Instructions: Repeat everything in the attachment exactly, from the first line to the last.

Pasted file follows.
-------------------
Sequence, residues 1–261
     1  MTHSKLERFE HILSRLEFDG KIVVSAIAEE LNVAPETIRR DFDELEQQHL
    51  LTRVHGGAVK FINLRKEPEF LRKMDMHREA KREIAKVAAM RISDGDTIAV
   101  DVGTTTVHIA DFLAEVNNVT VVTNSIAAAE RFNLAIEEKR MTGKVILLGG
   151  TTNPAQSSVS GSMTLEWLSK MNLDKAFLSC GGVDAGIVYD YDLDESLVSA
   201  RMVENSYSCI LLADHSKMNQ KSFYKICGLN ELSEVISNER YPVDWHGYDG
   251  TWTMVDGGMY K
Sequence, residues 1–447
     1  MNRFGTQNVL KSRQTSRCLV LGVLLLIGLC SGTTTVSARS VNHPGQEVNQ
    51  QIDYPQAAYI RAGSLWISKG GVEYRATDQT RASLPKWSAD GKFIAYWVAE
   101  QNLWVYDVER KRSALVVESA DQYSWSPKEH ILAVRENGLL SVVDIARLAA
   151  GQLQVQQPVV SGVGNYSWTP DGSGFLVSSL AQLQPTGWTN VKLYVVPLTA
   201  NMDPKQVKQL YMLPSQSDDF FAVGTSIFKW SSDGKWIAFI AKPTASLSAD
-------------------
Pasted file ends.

Sequence, residues 1–261
     1  MTHSKLERFE HILSRLEFDG KIVVSAIAEE LNVAPETIRR DFDELEQQHL
    51  LTRVHGGAVK FINLRKEPEF LRKMDMHREA KREIAKVAAM RISDGDTIAV
   101  DVGTTTVHIA DFLAEVNNVT VVTNSIAAAE RFNLAIEEKR MTGKVILLGG
   151  TTNPAQSSVS GSMTLEWLSK MNLDKAFLSC GGVDAGIVYD YDLDESLVSA
   201  RMVENSYSCI LLADHSKMNQ KSFYKICGLN ELSEVISNER YPVDWHGYDG
   251  TWTMVDGGMY K
Sequence, residues 1–447
     1  MNRFGTQNVL KSRQTSRCLV LGVLLLIGLC SGTTTVSARS VNHPGQEVNQ
    51  QIDYPQAAYI RAGSLWISKG GVEYRATDQT RASLPKWSAD GKFIAYWVAE
   101  QNLWVYDVER KRSALVVESA DQYSWSPKEH ILAVRENGLL SVVDIARLAA
   151  GQLQVQQPVV SGVGNYSWTP DGSGFLVSSL AQLQPTGWTN VKLYVVPLTA
   201  NMDPKQVKQL YMLPSQSDDF FAVGTSIFKW SSDGKWIAFI AKPTASLSAD